Rhythmic problems in animals other than humans

Research was conducted on birds such as the Zebra Finch because this species has parallels to humans' vocal learning patterns and neurological structures. Adult zebra finches were placed in similar conditions, all exposed to nine rhythmic and nine arrhythmic songs for 30 second increments. After the stimulus was presented, the brains were studied for areas of high ZENK concentration, ZENK being an immunohistochemical used to detect neural activation. It was found in the finches that those exposed to the arrhythmic music had much higher levels of the ZENK gene, and it has been discovered that there is a correlation with humans having higher brain activity in these locations with arrhythmic functioning. Gaining an understanding of how to change the deficiencies in these animals can help lead to changes in the future for humans with auditory arrhythmia and other serious psychiatric disorders.[2]

Auditory processing in those with autism

Those diagnosed with autism tend to have many difficulties processing auditory stimuli. For example, they most often endure language and speech delays, hyperacusis, have difficulties communicating in large social groups, and may experience difficulties hearing certain voices in a noisy environment. These qualities make quality of life difficult, by inhibiting their ability to fully participate in social and educational circumstances in various parts of their lives. As shown in research published in the International Journal of Psychophysiology, efferent pathways throughout the brain help to control various functions throughout the body. For example, in those with autism, pathways running through to the middle ear muscles make it difficult for the person to focus on a single voice when there is a lot of background noise. Raising eyelids was also found to hinder the stapedius muscle by tensing it, which in turn makes it difficult for these individuals to hear other talking when there is background noise present. The laryngeal and pharyngeal muscles located in the throat make prosody and intonation difficult to understand for people with autism. During research, tasks and tests were conducted to see if there is a correlation between cardiac rhythms, respiratory sinus arrhythmias, and auditory processing, or auditory arrhythmia. Because these symptoms tend to go hand in hand, researchers were looking to see if there was a possibility of improving auditory processing. If researchers learn how to effectively improve auditory sensations in people diagnose with autism, then there is a possibility that they can then begin finding the improvement for those only suffering from auditory arrhythmia.[5]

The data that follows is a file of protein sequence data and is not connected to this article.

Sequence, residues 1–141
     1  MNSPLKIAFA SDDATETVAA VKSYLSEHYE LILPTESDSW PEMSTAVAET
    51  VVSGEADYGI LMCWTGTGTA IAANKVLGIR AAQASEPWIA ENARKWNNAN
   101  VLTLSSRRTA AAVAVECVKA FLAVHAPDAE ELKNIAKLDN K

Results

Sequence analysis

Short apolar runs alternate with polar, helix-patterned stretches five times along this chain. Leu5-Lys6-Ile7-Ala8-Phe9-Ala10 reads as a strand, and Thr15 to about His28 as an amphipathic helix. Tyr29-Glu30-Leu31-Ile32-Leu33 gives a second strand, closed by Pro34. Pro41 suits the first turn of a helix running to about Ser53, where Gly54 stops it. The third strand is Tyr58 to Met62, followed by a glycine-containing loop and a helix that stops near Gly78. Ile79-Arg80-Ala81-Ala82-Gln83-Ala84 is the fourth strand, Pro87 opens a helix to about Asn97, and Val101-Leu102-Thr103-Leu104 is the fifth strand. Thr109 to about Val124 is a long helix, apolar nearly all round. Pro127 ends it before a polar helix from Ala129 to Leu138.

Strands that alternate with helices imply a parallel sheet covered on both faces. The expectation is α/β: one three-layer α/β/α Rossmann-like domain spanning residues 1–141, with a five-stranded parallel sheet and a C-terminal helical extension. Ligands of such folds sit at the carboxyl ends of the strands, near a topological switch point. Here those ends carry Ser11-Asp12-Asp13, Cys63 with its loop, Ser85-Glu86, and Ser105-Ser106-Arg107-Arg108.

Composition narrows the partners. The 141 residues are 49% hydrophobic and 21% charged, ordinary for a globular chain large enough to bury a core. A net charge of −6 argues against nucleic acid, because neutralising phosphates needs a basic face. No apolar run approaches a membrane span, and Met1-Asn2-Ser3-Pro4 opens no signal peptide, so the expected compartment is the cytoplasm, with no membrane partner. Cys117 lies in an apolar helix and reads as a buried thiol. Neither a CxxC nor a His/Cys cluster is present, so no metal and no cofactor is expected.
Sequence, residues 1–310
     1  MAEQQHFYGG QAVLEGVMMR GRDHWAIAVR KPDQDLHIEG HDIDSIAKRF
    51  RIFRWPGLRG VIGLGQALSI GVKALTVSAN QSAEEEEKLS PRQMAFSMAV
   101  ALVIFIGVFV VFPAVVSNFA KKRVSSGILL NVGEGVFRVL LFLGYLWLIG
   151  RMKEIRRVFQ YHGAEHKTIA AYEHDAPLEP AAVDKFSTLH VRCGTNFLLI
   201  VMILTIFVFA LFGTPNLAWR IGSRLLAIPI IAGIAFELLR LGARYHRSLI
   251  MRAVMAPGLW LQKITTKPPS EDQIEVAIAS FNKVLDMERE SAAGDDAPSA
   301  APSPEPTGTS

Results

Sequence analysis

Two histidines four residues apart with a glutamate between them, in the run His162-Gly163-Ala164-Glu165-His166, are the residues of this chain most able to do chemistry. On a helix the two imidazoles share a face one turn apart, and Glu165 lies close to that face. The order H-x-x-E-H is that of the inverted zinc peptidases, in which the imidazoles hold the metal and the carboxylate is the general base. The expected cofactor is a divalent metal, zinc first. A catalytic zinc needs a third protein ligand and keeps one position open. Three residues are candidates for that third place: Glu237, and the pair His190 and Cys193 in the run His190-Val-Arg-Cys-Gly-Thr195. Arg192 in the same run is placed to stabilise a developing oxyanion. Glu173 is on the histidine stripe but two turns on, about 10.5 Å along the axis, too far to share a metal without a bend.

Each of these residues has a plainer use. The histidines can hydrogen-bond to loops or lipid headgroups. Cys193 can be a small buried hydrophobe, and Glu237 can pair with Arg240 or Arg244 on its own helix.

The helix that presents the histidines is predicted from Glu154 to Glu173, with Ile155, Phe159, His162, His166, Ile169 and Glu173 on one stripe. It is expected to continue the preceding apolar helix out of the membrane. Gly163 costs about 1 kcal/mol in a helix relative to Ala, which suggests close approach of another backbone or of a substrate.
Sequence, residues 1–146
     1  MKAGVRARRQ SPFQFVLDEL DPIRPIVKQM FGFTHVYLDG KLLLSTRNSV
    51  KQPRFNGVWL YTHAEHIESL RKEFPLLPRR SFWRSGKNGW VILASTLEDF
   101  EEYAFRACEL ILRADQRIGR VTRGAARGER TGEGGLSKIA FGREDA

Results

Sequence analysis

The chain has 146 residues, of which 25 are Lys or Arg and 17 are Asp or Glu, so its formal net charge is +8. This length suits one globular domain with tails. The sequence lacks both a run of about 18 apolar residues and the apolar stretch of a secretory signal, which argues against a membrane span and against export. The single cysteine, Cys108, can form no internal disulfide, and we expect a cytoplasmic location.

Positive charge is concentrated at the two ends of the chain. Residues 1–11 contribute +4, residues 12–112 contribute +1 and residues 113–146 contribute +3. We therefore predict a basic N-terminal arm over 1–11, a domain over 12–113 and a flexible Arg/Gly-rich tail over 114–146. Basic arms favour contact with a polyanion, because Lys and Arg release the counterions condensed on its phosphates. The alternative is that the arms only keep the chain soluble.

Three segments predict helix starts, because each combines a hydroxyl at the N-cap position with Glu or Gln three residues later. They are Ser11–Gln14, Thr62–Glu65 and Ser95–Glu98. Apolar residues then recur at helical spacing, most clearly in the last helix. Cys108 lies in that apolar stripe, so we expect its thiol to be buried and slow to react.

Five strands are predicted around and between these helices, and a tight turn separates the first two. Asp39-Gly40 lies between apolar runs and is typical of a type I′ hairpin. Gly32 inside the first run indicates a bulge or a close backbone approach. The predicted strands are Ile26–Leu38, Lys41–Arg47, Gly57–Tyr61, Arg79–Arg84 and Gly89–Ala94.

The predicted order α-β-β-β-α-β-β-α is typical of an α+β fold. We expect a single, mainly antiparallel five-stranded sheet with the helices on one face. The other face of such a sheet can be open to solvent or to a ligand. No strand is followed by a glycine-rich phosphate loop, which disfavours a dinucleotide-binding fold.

Recent research